The authors of a recent academic study are concluding that due to demographic factors and saturation car ownership, we may have already passed peak travel in most industrialized countries:
The work was based on what seems to be an obvious contradiction: many economic and energy models assume that the rapid expansion of transportation will continue unabated for something approaching the indefinite future. But, realistically, transit faces some real limits. Some countries already have more cars than licensed drivers (like NZ – Ed), many people aren’t willing to spend much more of their days in transit, and the congestion and parking problems faced by urban populations can put a hard limit on automobile use. Population growth could drive a continued expansion, but that’s also slowing in many industrialized countries, and their aging populations are expected to drive less.
So, the authors argue that saturation of a populations’ ability and desire to travel may be closer than these models assume. And, based on recent data, they argue that it may be possible that we’re already there.
The interesting part of the study is that these trends became apparent from 2003, well before the impact of the 2007/08 oil shock – although the high price of fuel undoubtedly contributed to the downward trend in car travel in later years. The authors see indications that air travel is continuing to rise, but it looks like the assumption that people will continue to drive further and more frequently is not standing up to real-world experience.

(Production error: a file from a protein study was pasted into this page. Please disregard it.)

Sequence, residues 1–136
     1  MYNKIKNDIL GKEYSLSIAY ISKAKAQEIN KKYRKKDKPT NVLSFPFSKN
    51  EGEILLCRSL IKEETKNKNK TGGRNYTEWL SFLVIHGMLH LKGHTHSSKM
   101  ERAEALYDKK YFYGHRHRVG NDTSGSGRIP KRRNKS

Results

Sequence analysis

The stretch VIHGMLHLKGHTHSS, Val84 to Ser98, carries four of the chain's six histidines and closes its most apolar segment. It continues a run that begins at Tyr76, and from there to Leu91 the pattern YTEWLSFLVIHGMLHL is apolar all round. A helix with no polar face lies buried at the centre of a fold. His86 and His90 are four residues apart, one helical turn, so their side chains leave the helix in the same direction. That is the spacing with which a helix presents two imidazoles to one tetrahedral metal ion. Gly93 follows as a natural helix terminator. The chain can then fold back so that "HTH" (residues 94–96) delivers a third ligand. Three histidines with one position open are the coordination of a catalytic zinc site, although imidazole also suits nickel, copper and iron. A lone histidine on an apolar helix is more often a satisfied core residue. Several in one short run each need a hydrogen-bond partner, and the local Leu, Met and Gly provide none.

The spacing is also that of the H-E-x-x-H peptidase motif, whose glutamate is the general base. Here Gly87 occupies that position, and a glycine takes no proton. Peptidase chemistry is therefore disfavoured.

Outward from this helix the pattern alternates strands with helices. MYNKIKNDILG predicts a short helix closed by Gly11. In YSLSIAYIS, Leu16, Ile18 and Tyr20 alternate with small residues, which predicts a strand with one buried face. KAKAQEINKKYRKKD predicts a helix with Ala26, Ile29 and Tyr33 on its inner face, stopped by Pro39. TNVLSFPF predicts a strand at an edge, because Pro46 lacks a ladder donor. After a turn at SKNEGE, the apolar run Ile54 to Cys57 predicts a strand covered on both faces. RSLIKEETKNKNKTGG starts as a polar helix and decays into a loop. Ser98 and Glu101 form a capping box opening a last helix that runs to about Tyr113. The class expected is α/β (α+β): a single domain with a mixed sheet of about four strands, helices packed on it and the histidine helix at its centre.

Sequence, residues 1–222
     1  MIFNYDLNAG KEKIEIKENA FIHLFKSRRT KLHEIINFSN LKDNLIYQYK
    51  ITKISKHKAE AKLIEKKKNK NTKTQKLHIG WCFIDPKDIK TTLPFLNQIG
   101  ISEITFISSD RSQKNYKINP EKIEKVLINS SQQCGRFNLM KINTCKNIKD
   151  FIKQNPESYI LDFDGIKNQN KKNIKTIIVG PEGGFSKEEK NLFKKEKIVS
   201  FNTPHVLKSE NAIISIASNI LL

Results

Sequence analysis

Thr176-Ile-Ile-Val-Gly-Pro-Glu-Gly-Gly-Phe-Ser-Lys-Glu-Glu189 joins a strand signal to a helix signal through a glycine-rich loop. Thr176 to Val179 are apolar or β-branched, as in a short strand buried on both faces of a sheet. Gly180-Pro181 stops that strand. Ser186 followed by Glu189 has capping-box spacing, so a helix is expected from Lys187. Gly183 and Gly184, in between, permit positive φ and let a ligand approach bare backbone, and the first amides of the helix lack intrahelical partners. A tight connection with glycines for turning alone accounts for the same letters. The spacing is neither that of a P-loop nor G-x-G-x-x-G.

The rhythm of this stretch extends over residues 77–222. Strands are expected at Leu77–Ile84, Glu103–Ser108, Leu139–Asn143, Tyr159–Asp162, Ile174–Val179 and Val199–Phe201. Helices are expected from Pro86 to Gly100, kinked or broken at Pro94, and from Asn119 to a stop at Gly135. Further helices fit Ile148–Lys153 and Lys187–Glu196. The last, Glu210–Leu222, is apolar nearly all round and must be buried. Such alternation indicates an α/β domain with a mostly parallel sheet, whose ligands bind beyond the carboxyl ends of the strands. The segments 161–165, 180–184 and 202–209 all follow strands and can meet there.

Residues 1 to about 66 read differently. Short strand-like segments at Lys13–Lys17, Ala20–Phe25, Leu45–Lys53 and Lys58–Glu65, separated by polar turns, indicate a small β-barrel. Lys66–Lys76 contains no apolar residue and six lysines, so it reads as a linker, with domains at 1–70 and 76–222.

The paper itself focuses on the CO2 implications of these transport trends, but the road-building implications are equally interesting. Many roading projects have an underlying assumption that traffic volumes will rise by around 3% per annum, yet it appears that these growth rates are not being exhibited at the moment, and are even less likely to materialise in the future.
It’s an old adage that generals are always planning to win the previous war, rather than the next one. Transport Ministers and their planners in New Zealand seem to be suffering from a similar myopia, building solutions to problems that have may already peaked. Given the scale of the investments needed for either massive roading projects or an integrated public transport network, it would be a shame if this desire to solve the problems of the past precluded the investments necessary to construct the future.